Edwards is of Welsh origin. One John Edwards, born in Wales, and married to Hannah Aperby, was the apparent
immigrant of our Edwards line. He came to Virginia about 1750.
His son, Charles Edwards, was born in Virginia about 1768 and married on Feb 6, 1790 in
Orange County, North Carolina to Sarah Dugger. Shortly afterward Charles and Sarah migrated to Tennessee and
remained there a few years then moved on to Illinois.
|Children of Charles Edwards and Sarah Dugger
||9 Oct 1790, VA
||abt 1792, VA
|Leonard A. Edwards
|Lorenzo R. Edwards
||abt 1805, TN
||Eliza Green Broughton
||Thomas James Shain
Their son, Lorenzo Edwards, was born about 1805, in Sumter County, Tennessee. He married
Eliza Green Broughton, with the permission of her father, Jeremiah
Broughton, April 1, 1829 in Gallatin County, Illinois. Lorenzo
was a farmer and died in Gallatin County on May 31, 1849. About
five years later, May 11, 1854, Eliza married, James Yates.
|Children of Lorenzo Edwards and Elsey Green Broughton
||abt 1833, IL
||Louisa J. Vineyard
Sarah A. Bellah
||10 Oct 1841, Gallatin Co., IL
|Sarah J. Edwards
||1846, Gallatin Co., IL
||1848, Gallatin Co., IL
||John S. Skelton
Other descendants of John Edwards relocated to Illinois about
1830. Some of these Edwards were possibly Revolutionary soldiers
and settled in Illinois on military tracts, or bought parcels
of the cheap "government" land there.
Our Edwards settled in Gallatin County, Illinois, around Shawneetown,
and framed and raised their families. Shortly before the turn
of the century Great Grandfather, Milton Edwards, son of Lorenzo Edwards and great grandson of John Edwards, immigrant
from Wales, removed to Success, Clay County, Arkansas. There he
lived the remainder of his days.
John Edwards, youngest son of Lorenzo and Eliza, during the Civil War enlisted
in Co. G, 29th Regiment Illinois Infantry Aug 15, 1864 at the
rank of Pvt. for a period of 2 years. He was 18 years of age,
a farmer, eyes black; hair dark; complexion dark; height 5 ft
10 1/2 inches.
John S. Skelton, brother of Mary Skelton, Milton's wife, married Milton's baby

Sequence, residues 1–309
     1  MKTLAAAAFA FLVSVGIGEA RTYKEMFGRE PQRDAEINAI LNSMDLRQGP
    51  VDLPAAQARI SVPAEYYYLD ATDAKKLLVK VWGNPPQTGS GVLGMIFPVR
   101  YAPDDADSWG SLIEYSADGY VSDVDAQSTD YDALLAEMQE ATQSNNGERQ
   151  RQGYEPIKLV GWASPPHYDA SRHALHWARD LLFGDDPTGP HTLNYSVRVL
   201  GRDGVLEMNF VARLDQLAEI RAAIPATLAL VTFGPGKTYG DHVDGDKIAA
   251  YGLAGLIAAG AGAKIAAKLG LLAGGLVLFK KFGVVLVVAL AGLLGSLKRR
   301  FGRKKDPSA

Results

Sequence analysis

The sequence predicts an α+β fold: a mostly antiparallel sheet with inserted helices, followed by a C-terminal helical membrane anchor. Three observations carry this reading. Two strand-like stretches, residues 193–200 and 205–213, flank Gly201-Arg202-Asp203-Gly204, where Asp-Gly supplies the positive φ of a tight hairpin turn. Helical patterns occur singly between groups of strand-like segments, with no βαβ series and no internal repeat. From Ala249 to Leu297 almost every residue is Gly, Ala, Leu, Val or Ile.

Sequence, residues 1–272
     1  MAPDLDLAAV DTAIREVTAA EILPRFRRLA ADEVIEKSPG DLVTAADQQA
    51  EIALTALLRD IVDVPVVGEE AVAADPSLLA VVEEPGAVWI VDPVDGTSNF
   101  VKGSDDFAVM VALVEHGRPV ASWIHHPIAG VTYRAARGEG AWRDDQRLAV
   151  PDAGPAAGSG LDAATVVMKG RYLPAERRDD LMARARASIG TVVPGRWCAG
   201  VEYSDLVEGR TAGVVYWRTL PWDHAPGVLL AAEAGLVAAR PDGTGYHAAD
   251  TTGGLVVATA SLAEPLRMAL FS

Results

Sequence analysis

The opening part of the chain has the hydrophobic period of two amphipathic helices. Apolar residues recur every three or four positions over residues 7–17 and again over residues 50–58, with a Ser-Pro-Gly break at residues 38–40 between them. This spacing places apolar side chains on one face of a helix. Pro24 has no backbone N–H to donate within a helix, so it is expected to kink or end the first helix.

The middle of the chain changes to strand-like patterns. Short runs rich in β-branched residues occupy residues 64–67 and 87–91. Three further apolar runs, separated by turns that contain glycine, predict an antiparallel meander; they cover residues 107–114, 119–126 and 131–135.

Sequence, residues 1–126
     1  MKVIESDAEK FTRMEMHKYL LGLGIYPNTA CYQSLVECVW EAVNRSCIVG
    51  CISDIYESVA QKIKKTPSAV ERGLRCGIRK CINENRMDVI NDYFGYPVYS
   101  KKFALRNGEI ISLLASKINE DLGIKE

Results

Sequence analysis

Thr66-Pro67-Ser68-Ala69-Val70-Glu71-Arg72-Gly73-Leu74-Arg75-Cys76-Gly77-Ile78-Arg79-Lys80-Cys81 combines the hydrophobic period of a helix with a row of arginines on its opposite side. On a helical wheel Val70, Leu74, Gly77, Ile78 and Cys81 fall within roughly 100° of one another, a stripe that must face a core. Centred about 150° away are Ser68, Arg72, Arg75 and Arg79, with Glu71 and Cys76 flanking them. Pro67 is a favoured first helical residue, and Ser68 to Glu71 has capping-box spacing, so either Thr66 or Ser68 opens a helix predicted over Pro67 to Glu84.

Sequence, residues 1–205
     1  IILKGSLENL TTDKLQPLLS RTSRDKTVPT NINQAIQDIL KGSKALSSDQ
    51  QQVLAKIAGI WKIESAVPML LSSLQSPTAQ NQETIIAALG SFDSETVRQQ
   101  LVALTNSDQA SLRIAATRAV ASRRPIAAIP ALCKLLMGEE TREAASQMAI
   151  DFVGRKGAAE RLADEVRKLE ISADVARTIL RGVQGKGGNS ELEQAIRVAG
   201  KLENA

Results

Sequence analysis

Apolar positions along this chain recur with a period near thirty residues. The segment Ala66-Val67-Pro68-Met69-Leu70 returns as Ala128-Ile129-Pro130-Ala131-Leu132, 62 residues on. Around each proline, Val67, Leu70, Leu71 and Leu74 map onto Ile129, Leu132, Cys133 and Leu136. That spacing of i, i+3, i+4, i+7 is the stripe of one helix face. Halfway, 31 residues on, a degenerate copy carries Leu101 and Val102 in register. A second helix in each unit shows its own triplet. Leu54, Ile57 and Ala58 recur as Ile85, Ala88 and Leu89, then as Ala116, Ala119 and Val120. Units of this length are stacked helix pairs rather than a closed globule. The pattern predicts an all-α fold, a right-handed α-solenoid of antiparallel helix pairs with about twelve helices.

sister, Harriet. She was probably John's second wife as there are two marriages
to John S. Skelton in Gallatin County records. He was probably
named after his mother's father, John S. Patillo.
During the Civil War John S. Skelton joined Co. K, 6th Ill Cavalry
and served about a year in 1865. He was discharged in Selma, Alabama.
His bounty was credited at Troy Town, Will Co., IL.
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Milton Edwards was born October 10, 1841 about twelve miles west of Shawneetown,
Gallatin County, possibly near Equality, Illinois. He died June
10, 1939 at Success, Clay County, Arkansas, four months before
his 98th birthday, and was buried in Hitt Cemetery June 12.
Milton married his sweetheart, Miss Elizabeth Harget, on February
14, 1866, but she died March 1867, with no heirs, probably from
child birth. He married again October 10, 1869 to Miss Sarah J.
Norris, in Batchtown, Calhoun County, Illinois (by William J.
Batchelder, J.P.). Sarah was born in Calhoun County, Illinois
in 1854 and died in Gallatin County January 1872, also probably
from child birth complications. Her parents were J. C. Norris,
born in Ohio and Louisa born in North Carolina.
Milton married a third time on December 14, 1874 to Miss Mary Skelton, at Omaha, Gallatin County, Illinois (Benj. Kinsall, J.P. officiated).
She was born February 19, 1851 in Gallatin County, Illinois and
died December 22, 1934 Success, Clay County, Arkansas. She was
buried December 23, in Hitt Cemetery Success, Clay County, Arkansas.
Her parents were Barnabas G. Skelton, born about 1816 in South
Carolina, and Martha A. Patillo, born about 1817 in Illinois,
probably Pope County.
CIVIL WAR RECORDS
Shortly after war began, Milton joined Co G, 29th Ill. Vol. Inf
of the Union Army on August 6, 1861. According to Army records
he had dark eyes, dark hair, and dark complexion. He was five
feet six and three-quarter inches tall, and by occupation a farmer.
Pvt Milton Edwards became an ambulance driver and remained with
the 29th for about two years. In 1864 & 65 he was a member of
Co. H US Heavy Artillery Colored, at first as a Sergeant and later
2nd Lieutenant. He was discharged December 6, 1865 at Natchez,
"The newly organized soldiers", the Gallatin County Buffalos,"
were sent down the Ohio River toward Cairo, at that time the border
line between the states. They saw service in that territory, and
also did much in Southeastern Missouri and Northeastern Arkansas.
Crossing over into Tennessee, with his regiment, he [Milton] arrived
just in time to get into that awful battle of Shiloh or Pittsburg
Landing . . . After that, he was with the Union Army in the various
campaigns along the Mississippi River, and was one of those present
when Gen. Grant's Army captured Vicksburg.
He was taken from the 29th Regiment and given a place in Co. H
U.S. Colored Artillery, Heavy. He was also promoted to Second
Lieutenant, and continued with this unit of the army till Lee's
surrender, which occurred while they were encamped at Natchez."